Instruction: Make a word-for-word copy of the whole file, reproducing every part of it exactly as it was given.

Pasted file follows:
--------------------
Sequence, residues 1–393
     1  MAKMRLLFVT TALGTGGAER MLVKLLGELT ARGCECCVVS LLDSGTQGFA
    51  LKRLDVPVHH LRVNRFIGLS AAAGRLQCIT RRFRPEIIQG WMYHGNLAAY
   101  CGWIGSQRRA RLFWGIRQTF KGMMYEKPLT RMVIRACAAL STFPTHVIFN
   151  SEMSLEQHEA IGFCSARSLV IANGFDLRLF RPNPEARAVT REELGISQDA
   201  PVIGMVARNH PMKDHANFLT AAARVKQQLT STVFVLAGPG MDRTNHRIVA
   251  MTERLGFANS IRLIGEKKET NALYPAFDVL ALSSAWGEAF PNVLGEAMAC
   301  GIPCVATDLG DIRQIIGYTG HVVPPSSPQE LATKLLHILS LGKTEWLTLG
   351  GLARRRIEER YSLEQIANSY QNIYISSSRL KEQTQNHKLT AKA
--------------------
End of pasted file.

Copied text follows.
Sequence, residues 1–393
     1  MAKMRLLFVT TALGTGGAER MLVKLLGELT ARGCECCVVS LLDSGTQGFA
    51  LKRLDVPVHH LRVNRFIGLS AAAGRLQCIT RRFRPEIIQG WMYHGNLAAY
   101  CGWIGSQRRA RLFWGIRQTF KGMMYEKPLT RMVIRACAAL STFPTHVIFN
   151  SEMSLEQHEA IGFCSARSLV IANGFDLRLF RPNPEARAVT REELGISQDA
   201  PVIGMVARNH PMKDHANFLT AAARVKQQLT STVFVLAGPG MDRTNHRIVA
   251  MTERLGFANS IRLIGEKKET NALYPAFDVL ALSSAWGEAF PNVLGEAMAC
   301  GIPCVATDLG DIRQIIGYTG HVVPPSSPQE LATKLLHILS LGKTEWLTLG
   351  GLARRRIEER YSLEQIANSY QNIYISSSRL KEQTQNHKLT AKA